Joke And Jury Ethics At The Kyle Rittenhouse Trial


Weird, man.

In Kenosha, Wissonsin, where Kyle Rittenhouse is standing trial for murder after he shot and killed two protesters during the riots following the shooting of Jacob Blake, an alternate juror was dismissed for making a joke. The juror, a retired white man, said to a court police officer as the officer escorted him to his car, “Why did the Kenosha police shoot Jacob Blake seven times? Because they ran out of bullets!”

HAR! That’s being called a bad joke in the news media: actually, it’s a classic formula joke in the tradition of “Why does a fireman wear red suspenders?,” “Why did the chicken cross the road”? and “How do you know a politician is lying?” (because his/her lips are moving!). Nonetheless, the officer reported the joke to Judge Bruce Schroeder, who called on the juror to explain to him and the lawyers what the joke was and what he meant by it. The juror confirmed that he made a joke but wouldn’t repeat it. That got him kicked off the jury.


  • Isn’t that joke completely ambiguous? Media reports imply that it obviously suggested that the juror was pro-Rittenhouse. That’s not accurate. It could mean that the juror had no sympathy for Blake (neither do I), which I guess means that he would be more likely to identify with Rittenhouse, who shot two individuals who were protesting the police shooting of an armed, accused rapist in the process of kidnapping his victim’s kids. The joke could also mean that the juror sided with the protesters, since it suggests that the police used excessive force only limited by their lack of more ammunition. It could also just be a joke.
  • Refusing to answer a direct request from a judge is grounds for dismissal anyway.
  • The juror is also evidently an idiot. Who makes a joke like that to court personnel when they are serving on a jury that is considering matters related to the subject of the joke? He should have been dismissed no matter what his intentions were.
  • Then there is always the possibility that he was trying to get dismissed.

7 thoughts on “Joke And Jury Ethics At The Kyle Rittenhouse Trial

  1. I can’t decide if it was a deliberate effort to get dismissed or simple stupidity. I guess it could be both, but I think the two can’t really coexist, so I have to choose.

    I’m going with idiot. Save the funny jokes about people getting killed with guns until after the trial about people getting killed with guns upon which you serve as a juror. A person of normal intelligence wouldn’t need to be told that.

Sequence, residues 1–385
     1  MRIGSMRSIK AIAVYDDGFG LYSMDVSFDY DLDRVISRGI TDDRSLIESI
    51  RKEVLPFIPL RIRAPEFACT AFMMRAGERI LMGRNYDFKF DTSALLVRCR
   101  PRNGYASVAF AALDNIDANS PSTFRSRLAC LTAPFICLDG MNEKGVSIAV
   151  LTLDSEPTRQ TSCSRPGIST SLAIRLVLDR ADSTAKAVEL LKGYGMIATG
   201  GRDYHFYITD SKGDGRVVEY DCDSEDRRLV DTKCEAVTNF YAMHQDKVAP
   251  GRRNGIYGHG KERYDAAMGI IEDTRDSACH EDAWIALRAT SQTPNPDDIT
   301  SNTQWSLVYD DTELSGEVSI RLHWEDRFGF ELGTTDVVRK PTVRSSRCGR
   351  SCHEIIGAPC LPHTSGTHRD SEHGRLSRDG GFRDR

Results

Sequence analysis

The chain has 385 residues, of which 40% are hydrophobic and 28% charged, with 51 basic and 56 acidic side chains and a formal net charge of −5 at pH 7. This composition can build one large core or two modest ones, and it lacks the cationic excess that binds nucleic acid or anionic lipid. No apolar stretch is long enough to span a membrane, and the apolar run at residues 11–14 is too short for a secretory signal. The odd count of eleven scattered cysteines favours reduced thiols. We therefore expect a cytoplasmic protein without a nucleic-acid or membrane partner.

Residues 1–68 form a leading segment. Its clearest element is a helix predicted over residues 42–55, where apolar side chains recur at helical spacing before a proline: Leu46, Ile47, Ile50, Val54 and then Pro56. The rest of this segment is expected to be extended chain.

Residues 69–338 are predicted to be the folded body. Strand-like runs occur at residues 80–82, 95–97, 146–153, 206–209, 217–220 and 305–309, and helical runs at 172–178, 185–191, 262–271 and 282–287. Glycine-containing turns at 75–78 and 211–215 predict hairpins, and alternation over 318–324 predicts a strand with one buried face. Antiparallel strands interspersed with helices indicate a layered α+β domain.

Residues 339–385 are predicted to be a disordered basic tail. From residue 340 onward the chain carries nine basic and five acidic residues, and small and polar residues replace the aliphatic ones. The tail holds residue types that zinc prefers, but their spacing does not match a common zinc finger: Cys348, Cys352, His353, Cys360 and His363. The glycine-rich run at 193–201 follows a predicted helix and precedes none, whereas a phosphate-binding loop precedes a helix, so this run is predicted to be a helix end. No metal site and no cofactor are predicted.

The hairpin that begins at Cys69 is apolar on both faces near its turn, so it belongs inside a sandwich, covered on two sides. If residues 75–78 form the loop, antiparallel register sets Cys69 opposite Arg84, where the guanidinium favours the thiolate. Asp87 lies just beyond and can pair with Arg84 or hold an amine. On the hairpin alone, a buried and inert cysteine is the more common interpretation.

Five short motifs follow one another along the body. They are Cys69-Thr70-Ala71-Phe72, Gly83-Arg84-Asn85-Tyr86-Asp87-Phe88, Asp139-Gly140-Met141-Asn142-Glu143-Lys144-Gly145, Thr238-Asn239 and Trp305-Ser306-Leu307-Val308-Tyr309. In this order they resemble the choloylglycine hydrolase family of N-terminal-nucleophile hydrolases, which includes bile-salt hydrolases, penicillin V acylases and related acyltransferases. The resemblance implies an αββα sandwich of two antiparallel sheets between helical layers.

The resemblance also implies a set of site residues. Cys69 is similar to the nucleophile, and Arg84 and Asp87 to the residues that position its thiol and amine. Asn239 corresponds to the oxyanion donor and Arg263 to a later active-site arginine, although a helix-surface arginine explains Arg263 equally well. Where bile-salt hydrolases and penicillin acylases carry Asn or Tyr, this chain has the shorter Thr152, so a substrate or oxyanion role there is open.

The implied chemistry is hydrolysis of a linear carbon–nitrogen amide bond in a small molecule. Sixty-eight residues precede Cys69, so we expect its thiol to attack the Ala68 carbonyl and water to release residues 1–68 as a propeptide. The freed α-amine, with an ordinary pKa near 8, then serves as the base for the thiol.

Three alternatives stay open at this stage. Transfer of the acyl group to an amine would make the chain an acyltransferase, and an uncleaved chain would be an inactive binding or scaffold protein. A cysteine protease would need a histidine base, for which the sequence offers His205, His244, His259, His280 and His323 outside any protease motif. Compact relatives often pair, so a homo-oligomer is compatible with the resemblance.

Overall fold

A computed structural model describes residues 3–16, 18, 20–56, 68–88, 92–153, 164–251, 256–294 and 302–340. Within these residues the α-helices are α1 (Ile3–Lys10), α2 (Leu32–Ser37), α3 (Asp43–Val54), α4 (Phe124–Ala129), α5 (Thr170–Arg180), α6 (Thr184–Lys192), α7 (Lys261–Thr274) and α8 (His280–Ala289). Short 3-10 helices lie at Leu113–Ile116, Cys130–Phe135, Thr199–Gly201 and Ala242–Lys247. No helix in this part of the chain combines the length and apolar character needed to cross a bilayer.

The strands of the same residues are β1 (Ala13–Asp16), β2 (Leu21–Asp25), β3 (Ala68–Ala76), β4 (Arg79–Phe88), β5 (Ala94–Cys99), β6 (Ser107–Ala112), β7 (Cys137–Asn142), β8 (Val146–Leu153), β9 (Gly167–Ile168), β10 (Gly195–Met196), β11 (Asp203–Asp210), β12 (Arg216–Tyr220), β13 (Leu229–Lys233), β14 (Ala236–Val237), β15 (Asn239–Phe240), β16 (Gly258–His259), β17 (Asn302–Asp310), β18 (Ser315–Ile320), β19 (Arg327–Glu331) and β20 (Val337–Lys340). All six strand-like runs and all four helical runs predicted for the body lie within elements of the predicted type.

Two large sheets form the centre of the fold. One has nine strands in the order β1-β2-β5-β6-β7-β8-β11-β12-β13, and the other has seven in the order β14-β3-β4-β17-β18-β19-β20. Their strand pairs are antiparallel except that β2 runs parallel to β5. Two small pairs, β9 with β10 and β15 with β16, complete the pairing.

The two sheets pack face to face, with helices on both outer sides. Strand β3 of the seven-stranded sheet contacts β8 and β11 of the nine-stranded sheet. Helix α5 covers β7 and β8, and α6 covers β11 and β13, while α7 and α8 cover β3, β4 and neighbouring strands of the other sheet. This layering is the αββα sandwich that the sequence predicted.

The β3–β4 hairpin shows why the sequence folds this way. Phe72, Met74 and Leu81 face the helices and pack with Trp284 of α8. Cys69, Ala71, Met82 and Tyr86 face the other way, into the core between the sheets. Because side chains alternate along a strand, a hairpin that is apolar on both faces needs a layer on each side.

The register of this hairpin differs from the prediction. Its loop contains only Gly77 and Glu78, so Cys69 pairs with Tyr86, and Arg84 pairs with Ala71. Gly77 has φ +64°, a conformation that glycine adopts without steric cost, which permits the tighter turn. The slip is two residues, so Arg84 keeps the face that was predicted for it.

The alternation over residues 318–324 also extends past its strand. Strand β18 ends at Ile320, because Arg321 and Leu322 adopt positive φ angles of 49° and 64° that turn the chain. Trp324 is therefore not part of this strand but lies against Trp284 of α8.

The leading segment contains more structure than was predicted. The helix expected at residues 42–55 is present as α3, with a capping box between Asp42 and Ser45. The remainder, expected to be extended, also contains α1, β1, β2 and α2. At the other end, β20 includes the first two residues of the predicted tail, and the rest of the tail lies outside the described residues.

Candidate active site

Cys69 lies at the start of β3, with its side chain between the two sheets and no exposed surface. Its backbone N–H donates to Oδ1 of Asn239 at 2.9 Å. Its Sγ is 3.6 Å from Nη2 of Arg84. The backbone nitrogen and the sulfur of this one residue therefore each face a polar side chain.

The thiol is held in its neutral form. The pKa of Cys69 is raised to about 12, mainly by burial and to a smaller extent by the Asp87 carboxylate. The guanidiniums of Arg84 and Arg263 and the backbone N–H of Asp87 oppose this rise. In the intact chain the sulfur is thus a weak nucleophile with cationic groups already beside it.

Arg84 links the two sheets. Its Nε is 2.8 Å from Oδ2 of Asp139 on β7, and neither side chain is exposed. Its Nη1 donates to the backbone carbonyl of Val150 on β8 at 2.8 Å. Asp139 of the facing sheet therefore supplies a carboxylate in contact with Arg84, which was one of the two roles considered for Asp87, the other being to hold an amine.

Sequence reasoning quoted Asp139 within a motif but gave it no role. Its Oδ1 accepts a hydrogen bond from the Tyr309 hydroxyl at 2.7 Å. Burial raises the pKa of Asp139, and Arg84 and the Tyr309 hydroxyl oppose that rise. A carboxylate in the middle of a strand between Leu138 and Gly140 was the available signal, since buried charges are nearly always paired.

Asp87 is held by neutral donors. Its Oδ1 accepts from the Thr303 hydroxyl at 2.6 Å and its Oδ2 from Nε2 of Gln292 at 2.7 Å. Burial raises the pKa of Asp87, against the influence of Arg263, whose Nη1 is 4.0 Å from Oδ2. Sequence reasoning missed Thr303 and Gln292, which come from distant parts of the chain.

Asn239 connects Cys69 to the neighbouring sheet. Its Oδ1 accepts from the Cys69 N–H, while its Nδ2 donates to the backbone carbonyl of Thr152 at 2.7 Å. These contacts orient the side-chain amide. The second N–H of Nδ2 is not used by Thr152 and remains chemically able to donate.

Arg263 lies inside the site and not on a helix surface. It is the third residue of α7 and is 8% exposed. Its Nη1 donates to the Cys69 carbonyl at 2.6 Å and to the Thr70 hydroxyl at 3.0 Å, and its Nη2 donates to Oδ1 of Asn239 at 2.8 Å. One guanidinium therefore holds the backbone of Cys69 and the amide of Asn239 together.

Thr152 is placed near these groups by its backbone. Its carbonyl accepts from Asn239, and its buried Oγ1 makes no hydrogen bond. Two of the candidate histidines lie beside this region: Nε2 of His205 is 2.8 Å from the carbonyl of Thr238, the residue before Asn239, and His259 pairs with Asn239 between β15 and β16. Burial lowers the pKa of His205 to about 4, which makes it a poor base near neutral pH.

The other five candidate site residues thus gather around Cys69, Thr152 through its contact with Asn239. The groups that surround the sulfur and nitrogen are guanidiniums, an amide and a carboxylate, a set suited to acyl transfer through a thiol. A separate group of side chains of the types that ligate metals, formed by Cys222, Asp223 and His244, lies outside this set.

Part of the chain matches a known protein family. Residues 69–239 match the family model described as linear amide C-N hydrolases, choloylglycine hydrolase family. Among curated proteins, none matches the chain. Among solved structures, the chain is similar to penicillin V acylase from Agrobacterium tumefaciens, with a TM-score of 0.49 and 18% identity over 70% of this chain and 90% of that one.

2. That last point was my first impression. There’s always the possibility that the juror was an idiot, never underestimate the possibility of someone being an idiot. But making an off color joke on the topic of the trial seems… egregiously stupid. Either he wanted off the panel or he was too stupid to sit on it. I’m fine with this outcome either way.

  3. Since he told the joke to a police officer, I’m inclined to believe he thought it would be well received by the officer. But it’s so ambiguous, who knows what the officer thought of it, so stupid, whatever the reason.

    Looks like the ADA prosecutor is also having difficulties with his own witnesses:

  4. If someone is inclined to be excused from serving on a jury, that’s easy enough to do during the jury selection phase (as I recently discovered myself by opining on the high bar of reasonable doubt and “better 100 guilty persons…”). I’m going with stupidity.

  5. I don’t think the chicken crossing the road joke is in the same category as the fireman’s suspenders. It would be if “the other side” only meant the other side of the road and wasn’t a euphemism for death, but that chicken wanted to get to The Other Side.

    • It would be if “the other side” only meant the other side of the road and wasn’t a euphemism for death no no nononono WHAT? It’s a euphemism for WHAT? One of the simplest, silliest, first joke a kid learns means….. No, I just put my fingers in my ears and will read no more. There are some things we are meant to believe in, such as that line meaning what it says (minus the upper case letters or use of words beginning with EUPH). Cluck to you!

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